Organ donation saves lives. Why don’t more people sign up for it? | Cole Moreton

I used to be squeamish and not want to think about organ donation – ugh, no thanks – until I saw something truly extraordinary that changed my mind. The mother of a boy who had died reached out to touch a stranger who had been saved by him. Sue Burton put her hand on the chest of Marc McCay and felt a flutter under her palm. The beating of a heart that had been born inside her.

The heart that had given life to her son Martin for 16 years, until he was suddenly struck down by a brain haemorrhage, without warning, in the middle of the night. The heart that had been removed from his body, packed in ice and flown across the country in a race against time, to be put in the body of another 16-year-old, called Marc.

Now here he was, 13 years later, the boy grown into a man. “To be able to feel the heart that Martin was born with still beating, that’s incredible,” said Sue. Tears were shed, including mine. I was there as a reporter who would tell the story of this modern medical miracle in a Radio 4 series and now a new paperback book called The Boy Who Gave His Heart Away. But in that moment, it all became personal. Everything changed.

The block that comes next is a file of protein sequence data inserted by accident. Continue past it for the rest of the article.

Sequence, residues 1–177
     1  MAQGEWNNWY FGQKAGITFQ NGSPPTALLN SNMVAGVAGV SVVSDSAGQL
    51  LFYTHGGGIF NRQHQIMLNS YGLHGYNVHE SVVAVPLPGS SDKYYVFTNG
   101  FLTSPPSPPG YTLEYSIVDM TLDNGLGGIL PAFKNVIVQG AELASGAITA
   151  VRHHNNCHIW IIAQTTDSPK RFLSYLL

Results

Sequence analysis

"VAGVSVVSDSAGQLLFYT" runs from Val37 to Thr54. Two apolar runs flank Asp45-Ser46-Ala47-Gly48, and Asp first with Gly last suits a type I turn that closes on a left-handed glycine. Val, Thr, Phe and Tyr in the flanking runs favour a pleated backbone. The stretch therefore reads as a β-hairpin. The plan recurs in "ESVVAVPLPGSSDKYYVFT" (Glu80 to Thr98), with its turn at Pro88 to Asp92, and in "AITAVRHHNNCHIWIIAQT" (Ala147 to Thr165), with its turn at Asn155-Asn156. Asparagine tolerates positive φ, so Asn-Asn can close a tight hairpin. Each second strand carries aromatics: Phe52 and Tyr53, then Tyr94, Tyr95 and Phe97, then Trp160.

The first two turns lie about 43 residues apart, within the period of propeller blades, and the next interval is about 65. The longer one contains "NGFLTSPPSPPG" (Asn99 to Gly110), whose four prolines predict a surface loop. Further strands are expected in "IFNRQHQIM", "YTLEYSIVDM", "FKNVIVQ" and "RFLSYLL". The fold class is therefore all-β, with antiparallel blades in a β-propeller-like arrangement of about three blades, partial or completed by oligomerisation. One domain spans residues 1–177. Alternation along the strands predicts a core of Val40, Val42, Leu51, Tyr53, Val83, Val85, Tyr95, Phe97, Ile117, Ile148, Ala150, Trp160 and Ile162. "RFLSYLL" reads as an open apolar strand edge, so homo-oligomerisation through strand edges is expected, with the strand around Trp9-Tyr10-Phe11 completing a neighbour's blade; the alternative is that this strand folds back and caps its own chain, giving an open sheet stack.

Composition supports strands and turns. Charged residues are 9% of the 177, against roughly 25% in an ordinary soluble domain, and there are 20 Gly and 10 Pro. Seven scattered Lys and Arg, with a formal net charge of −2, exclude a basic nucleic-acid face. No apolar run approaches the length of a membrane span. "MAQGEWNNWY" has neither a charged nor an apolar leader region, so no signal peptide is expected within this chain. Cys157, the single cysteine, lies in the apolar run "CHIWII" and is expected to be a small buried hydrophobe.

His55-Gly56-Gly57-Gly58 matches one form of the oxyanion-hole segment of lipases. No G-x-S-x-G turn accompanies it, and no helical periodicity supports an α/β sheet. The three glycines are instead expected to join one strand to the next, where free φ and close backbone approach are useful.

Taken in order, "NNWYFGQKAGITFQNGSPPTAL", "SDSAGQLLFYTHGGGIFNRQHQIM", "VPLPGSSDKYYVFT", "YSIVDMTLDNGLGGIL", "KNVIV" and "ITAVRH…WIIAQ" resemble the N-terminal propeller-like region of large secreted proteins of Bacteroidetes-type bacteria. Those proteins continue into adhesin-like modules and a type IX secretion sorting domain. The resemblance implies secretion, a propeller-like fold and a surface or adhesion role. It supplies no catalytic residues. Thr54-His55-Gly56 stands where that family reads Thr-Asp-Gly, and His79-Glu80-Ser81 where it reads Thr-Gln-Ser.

Before that I hadn’t wanted to know about organ donation. To be honest, I still feel sick at the thought of someone I love – or myself – being cut up and given away. That’s understandable, right? Reactions like that are part of the reason why only one-third of us sign up to be a donor, although surveys show that almost everyone thinks it’s a good idea in principle.

We marvel at stories like that of 13-year-old Jemima Layzell, whose sudden collapse was a tragedy for her family, but whose organs went to save or improve the lives of a record eight people, the most ever in the history of the NHS transplant service. But still, we don’t sign the register or carry a donor card.

NHS Organ Donor Card.


‘The NHS says that three bereaved families a week refuse to donate because they’re not sure what their loved one would have wanted.’ Photograph: BRD Associates

We avoid having the conversation with our families. Confusion ensues, if the terrible moment ever comes.